Bloomberg Australia: Investor clout

Bloomberg Australia
Bloomberg

Welcome to our weekly newsletter — a fresh, global perspective on the stories that matter for Australian business and politics. This week: Corporate Australia put on notice, a further slide in ties with China and the cost of saving an airline.

Corporate Australia has been put on notice by the sexual harassment scandal that swept through wealth manager AMP this week: Investors now have zero tolerance for misbehavior.

In the firm's second boardroom shakeup in just over two years, industry titan David Murray resigned as chairman, while Boe Pahari — the senior executive at the center of the complaint brought by a female colleague — was demoted.

The swift demand for action is a sign that the #MeToo cultural shift that's swept the world is taking hold in Australia's male-dominated finance industry. But it also shows that investors, particularly our giant pension funds, are increasingly using their clout to push for progress on everything from climate change to company culture.

"This is really a turning point for corporate Australia," said Kate Jenkins, the Sex Discrimination Commissioner at the Australian Human Rights Commission. "Our community standards have changed."

China Ties

After years of trying to thread the needle and maintain cordial ties with both the U.S. and China, Australia showed again this week that it's taking a new path.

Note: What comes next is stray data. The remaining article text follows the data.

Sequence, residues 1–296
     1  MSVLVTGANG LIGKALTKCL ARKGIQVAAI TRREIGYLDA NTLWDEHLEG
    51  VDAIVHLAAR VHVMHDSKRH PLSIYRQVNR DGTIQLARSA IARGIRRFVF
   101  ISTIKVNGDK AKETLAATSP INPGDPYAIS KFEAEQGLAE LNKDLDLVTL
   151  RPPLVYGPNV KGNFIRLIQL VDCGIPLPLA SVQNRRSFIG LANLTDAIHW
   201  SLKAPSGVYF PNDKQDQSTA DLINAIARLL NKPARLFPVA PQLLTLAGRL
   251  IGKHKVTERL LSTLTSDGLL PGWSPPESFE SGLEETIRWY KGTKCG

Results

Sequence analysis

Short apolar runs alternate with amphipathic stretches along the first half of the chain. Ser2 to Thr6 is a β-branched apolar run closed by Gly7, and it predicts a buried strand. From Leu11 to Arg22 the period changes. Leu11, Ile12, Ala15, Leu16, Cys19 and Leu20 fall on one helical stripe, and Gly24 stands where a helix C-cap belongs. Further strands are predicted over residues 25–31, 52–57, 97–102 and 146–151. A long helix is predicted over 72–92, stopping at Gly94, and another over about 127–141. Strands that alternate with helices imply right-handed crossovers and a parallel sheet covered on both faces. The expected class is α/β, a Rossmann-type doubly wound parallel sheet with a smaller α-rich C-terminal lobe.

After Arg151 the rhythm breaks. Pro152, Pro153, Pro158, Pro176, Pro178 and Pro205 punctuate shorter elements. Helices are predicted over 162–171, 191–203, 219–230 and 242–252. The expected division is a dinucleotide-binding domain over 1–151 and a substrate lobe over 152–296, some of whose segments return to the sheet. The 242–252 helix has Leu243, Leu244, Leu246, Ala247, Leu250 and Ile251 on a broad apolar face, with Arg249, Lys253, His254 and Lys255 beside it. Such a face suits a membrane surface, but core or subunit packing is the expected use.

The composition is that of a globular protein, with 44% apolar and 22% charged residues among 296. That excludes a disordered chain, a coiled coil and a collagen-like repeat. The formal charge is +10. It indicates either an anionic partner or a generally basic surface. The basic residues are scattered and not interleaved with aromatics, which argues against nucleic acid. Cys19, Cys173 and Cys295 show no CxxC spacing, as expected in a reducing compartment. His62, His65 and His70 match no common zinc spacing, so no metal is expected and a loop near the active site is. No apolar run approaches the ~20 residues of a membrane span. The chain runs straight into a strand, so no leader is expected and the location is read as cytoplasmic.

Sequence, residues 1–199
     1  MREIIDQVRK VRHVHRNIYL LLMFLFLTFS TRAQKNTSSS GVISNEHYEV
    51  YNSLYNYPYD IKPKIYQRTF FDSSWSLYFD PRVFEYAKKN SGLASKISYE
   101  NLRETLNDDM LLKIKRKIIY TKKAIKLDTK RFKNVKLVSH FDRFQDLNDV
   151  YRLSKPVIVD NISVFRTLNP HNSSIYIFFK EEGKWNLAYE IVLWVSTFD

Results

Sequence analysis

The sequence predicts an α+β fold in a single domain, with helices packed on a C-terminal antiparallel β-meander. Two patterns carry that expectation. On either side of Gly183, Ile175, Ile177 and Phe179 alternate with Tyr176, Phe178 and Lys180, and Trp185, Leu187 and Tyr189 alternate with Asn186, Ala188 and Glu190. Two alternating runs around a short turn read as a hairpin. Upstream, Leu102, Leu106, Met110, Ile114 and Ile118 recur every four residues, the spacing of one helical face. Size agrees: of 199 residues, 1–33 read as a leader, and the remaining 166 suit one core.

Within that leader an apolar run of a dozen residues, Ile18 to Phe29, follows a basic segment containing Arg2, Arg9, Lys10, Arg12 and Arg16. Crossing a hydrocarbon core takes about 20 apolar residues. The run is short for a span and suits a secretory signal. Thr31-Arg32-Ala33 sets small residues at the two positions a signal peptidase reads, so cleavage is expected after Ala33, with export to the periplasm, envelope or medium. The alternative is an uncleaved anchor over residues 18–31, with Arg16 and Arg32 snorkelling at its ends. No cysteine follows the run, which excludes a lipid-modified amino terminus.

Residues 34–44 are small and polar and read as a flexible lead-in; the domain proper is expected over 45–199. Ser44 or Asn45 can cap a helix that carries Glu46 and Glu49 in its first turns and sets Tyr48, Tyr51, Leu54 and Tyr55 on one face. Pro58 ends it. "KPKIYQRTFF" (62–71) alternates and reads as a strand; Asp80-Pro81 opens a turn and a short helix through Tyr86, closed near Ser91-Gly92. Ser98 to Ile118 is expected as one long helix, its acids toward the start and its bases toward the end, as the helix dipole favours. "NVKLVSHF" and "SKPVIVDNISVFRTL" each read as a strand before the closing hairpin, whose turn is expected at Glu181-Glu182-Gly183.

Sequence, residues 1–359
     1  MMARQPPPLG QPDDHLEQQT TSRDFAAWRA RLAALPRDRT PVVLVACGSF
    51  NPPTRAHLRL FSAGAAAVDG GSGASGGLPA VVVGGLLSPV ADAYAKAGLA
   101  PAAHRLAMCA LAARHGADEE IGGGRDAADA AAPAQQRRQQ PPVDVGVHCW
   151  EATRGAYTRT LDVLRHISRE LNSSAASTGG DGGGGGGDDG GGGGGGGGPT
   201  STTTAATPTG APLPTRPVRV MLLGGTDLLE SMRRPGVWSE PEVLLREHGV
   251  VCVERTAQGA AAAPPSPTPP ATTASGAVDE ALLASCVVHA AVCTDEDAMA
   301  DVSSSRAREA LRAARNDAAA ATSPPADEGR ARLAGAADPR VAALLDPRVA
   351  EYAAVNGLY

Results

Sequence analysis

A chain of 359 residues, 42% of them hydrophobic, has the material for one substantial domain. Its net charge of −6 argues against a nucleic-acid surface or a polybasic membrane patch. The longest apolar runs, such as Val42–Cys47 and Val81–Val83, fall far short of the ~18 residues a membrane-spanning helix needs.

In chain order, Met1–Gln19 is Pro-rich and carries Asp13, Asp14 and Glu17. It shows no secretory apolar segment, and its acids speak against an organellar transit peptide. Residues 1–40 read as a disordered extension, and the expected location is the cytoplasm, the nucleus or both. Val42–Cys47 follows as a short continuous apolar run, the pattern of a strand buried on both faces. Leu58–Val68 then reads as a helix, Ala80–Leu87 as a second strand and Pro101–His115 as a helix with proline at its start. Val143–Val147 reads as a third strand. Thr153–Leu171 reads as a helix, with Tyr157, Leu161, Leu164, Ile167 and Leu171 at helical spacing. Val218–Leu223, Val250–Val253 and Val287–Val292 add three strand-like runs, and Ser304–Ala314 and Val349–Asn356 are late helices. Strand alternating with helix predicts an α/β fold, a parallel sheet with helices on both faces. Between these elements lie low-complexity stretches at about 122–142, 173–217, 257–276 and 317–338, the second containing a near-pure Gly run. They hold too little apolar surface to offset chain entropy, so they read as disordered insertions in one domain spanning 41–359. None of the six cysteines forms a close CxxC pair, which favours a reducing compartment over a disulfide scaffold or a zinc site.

The government is drafting legislation that will enable it to scrap or veto agreements that the states and territories reach with foreign powers — a move that will weaken China's ability to gain influence in the nation through its Belt and Road Initiative.

It's Prime Minister Scott Morrison's latest attempt to safeguard national interests, with tougher foreign investment screening also planned. And it is a further sign that Canberra is willing to stand up to an increasingly assertive Beijing, despite the potential economic cost. 

Photo: Getty Images

Photo: Getty Images

Virgin Australia

How much does it cost to resurrect an airline undone by the coronavirus pandemic? A$3.5 billion.

That's the value of Bain Capital's proposed takeover of Virgin Australia, administrator Deloitte disclosed.

Unsecured creditors of the airline will lose almost all their money under the deal that will be voted on next week. Bain plans to cut a third of Virgin Australia's 9,000 employees and scale back the airline's fleet as part of its revival plan. —Edward Johnson

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